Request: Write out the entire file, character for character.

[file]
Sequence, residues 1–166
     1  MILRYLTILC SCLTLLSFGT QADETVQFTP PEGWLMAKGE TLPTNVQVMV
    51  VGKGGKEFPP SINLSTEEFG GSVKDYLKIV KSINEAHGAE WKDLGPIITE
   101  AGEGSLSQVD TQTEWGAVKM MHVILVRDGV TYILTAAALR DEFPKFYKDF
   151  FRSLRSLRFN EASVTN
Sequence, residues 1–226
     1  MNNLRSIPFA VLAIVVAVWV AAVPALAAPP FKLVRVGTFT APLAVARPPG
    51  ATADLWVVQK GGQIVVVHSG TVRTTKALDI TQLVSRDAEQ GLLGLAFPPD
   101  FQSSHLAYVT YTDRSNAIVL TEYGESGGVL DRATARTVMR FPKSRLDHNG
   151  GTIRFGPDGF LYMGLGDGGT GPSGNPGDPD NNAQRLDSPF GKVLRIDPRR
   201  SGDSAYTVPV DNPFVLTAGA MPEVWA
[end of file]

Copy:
Sequence, residues 1–166
     1  MILRYLTILC SCLTLLSFGT QADETVQFTP PEGWLMAKGE TLPTNVQVMV
    51  VGKGGKEFPP SINLSTEEFG GSVKDYLKIV KSINEAHGAE WKDLGPIITE
   101  AGEGSLSQVD TQTEWGAVKM MHVILVRDGV TYILTAAALR DEFPKFYKDF
   151  FRSLRSLRFN EASVTN
Sequence, residues 1–226
     1  MNNLRSIPFA VLAIVVAVWV AAVPALAAPP FKLVRVGTFT APLAVARPPG
    51  ATADLWVVQK GGQIVVVHSG TVRTTKALDI TQLVSRDAEQ GLLGLAFPPD
   101  FQSSHLAYVT YTDRSNAIVL TEYGESGGVL DRATARTVMR FPKSRLDHNG
   151  GTIRFGPDGF LYMGLGDGGT GPSGNPGDPD NNAQRLDSPF GKVLRIDPRR
   201  SGDSAYTVPV DNPFVLTAGA MPEVWA